Europe raises military spending with moderation

A better economic situation and Russia, seen as a threat, drive the European nations to spend more on their military
Photo: AP
Inder Bugarin / Corresponsal
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Austerity has come to an end for European armed forces since resources are moving again to modernize their defense power.

Money began to move before the arrival of Donald Trump, who on his first visit to Brussels as President of the United States repeated his demand to most European nations to invest at least 2% of their GDP on defense, as agreed at the 2014 NATO summit.

The question of the armament industry and specialized institutes is how much will Trump's stance influence Europe's spending. Experts argue that Europe is unlikely to start an arms race as consequence of the “blackmailing” policy used by Trump.

Aude Fleurant, Director of the Arms and Military Expenditure Programme at the Stockholm International Peace Research Institute (SIPRI), told EL UNIVERSAL that since the 2008 crisis, the defense sector became a "volatile and flexible currency" bounded by other national priorities. So that, she said, Europeans can adjust at any moment their military budget, regardless of what Trump says.

Military spending in Western Europe grew 2.6% in 2016 for the second year running, 2.6% compared to 2015. The most remarkable increase was in Italy, with 11%, which is involved in the development of the ambitious Joint Strike Fighter (JSF) international program to create a new type of tactical aircraft. There were also significant increases in the countries of Central Europe, with a 2.4% overall between 2015 and 2016.

The increases were for the upgrading of software and the purchase of new equipment, from airplanes and helicopters to tanks, radars, and frigates. For 2017, there are indicators that predict that spending will continue increasing moderately.

Fleurant explained that the increases are connected to three essential factors: First, the economic situation offers greater flexibility to national budgets. The European Union (EU) is going through its fifth year of recovery. According to the European Commission, the EU grew 1.7% in 2016.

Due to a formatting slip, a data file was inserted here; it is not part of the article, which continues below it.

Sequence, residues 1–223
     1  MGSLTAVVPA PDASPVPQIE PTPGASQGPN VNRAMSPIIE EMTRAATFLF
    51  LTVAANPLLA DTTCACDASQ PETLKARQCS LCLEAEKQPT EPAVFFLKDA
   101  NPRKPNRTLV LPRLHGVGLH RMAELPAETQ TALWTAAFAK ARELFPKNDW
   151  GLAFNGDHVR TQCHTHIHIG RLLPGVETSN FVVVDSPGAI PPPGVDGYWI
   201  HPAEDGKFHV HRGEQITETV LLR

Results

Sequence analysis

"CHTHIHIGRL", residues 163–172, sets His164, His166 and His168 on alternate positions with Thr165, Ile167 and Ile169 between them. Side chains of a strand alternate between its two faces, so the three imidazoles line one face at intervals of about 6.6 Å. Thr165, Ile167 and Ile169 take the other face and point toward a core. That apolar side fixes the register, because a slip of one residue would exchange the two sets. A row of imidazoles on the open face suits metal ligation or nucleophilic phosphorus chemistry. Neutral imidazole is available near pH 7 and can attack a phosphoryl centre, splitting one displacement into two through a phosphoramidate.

Second, the illegal annexation of Crimea by Russia in 2014 and its support to eastern Ukrainian rebels have forced Europeans to raise their guard.

"Most of the increase can be attributed to a feeling of insecurity caused by Russia's lack of clarity about its real intentions regarding its western border," says Fleurant. Russia's military spending is equivalent to a quarter of all European NATO countries.

The third element relates to a change in the attitude of the public opinion. It is not that we have to prepare for war, it has to do with national security and the relevance of NATO. Not with the claim issued by Trump during the NATO summit that Europeans have to do more for their defense," she said.

Of the 28 members, only the United States, Greece, Estonia, the United Kingdom and Poland meet the 2% goal.

If all the allies met the established goal, the collective military spending would increase by USD$159 billion, meaning, they should spend annually 18% more than what they are currently spending.

Germany would be the one which had to spend the most. Berlin would move from the 9th to the 4th position in the list of countries with the highest military budget.

Spain and the Netherlands would need USD$10 billion and 6 billion, respectively. In the global ranking, Madrid would move from the 17th to 13th position, while Amsterdam would jump from the 26th to 18th.

Between 2006 and 2013, the EU's military spending fell by 15%, aggravating the gap with the US. While Europeans spent $186 billion euros collectively in 2013, the Pentagon alone spent $600 billion.

While the European Parliament's Directorate-General for External Policies considers that Europeans have military forces sufficiently equipped to deal with potential threats, it also recognizes that they have fallen short of strategic power in the air, sea, air-to-air, intelligence, surveillance and recognition sectors.


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